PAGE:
Environmental Biology of Fishes

, Volume 85, Issue 4, pp 277–284 | Cite as

Growth rate during early life affects sexual differentiation in roach (Rutilus rutilus)

  • Gregory C. Paull
  • Amy L. Filby
  • Charles R. Tyler


Many environmental factors have been shown to influence sex differentiation in fish, resulting in sex-biased populations, but the effects of growth rate have received limited attention. We conducted a controlled laboratory experiment in which growth rate and population density were manipulated in roach (Rutilus rutilus) during early development, and the subsequent effects on sex ratio determined. Significant differences in growth rate between fish populations were induced through provision of three different ration levels. In the slowest growing population there were fewer females compared within the fastest growing population (19% compared to 36% females), suggesting that in roach it may be more advantageous to become a small male than a small female when growth potential is limited. This may result from the fact that fecundity is limited by body size in female roach and that male roach are able to reproduce at a significantly smaller body size than females. In contrast, where roach were kept at different stocking densities, and there were no differences in growth rate, the subsequent proportion of females did not vary. Our data highlight the importance of controlling for growth rate in research on sexual differentiation in this species, notably when assessing for the effects of endocrine disrupting chemicals and other environmental factors, and have implications for fisheries management and aquaculture. The underlying mechanism for the influence of growth rate on sex differentiation has yet to be determined but is likely to have a strong endocrinological basis.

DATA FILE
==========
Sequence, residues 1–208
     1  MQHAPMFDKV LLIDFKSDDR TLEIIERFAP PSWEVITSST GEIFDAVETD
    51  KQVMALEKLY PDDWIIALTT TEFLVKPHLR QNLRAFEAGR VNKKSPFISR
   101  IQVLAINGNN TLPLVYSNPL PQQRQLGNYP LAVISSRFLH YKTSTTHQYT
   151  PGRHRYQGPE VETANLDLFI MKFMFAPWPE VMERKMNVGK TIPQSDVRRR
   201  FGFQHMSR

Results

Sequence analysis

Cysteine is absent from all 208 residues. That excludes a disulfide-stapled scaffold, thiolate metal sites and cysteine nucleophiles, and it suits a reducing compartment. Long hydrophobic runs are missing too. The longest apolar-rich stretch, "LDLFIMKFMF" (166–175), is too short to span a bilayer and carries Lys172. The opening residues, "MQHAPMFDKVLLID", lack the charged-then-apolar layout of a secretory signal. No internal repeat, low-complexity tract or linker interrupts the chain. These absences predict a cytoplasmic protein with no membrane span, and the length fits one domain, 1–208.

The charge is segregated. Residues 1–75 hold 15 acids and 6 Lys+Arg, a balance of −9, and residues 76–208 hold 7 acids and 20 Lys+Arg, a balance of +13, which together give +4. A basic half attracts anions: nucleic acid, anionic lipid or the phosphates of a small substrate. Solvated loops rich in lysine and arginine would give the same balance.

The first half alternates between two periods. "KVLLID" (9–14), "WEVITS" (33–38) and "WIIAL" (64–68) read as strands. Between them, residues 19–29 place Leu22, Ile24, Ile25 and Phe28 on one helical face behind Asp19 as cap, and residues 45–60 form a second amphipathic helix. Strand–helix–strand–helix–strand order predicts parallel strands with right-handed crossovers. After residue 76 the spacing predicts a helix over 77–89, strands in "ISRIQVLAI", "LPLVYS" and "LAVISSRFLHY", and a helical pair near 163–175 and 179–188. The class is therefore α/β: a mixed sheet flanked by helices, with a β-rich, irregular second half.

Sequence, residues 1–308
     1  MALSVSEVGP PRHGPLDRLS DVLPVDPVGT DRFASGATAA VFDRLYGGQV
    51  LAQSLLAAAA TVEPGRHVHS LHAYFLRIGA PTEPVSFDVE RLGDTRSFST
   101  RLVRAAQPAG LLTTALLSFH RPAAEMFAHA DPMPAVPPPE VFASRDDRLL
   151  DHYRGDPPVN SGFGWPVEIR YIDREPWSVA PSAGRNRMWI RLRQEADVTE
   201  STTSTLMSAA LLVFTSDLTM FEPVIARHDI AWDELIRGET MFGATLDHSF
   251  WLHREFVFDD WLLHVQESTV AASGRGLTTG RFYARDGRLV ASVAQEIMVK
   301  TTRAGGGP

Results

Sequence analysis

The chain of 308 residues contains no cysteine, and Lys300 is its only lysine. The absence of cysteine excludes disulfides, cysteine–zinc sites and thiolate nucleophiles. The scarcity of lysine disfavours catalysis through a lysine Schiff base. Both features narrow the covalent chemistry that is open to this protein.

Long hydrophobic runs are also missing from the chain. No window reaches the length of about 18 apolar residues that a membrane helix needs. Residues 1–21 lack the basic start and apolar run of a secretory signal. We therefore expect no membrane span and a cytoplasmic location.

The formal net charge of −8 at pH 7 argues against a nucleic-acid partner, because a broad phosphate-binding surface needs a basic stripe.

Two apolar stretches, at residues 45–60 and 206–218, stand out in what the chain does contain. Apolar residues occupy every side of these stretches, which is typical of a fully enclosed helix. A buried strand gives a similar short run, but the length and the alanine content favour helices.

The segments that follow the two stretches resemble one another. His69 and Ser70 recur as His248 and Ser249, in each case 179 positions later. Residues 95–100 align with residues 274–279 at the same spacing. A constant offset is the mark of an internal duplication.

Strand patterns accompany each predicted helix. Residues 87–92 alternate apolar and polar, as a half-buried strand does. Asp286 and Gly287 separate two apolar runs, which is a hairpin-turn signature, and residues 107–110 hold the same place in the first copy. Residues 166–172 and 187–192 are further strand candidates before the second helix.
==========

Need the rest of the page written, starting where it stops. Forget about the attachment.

Sex ratio Growth rate Density Roach Environmental sex determination (ESD) 



The authors would like to thank Alan Henshaw at the Environment Agency’s fish hatchery unit, Calverton, UK, for providing the adult roach used to generate the fish for this experiment.


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Copyright information

© Springer Science+Business Media B.V. 2009

Authors and Affiliations

  • Gregory C. Paull
    • 1
  • Amy L. Filby
    • 1
  • Charles R. Tyler
    • 1
  1. 1.Environmental and Molecular Fish Biology Group, School of Biosciences, Hatherly LaboratoriesUniversity of ExeterExeterUK

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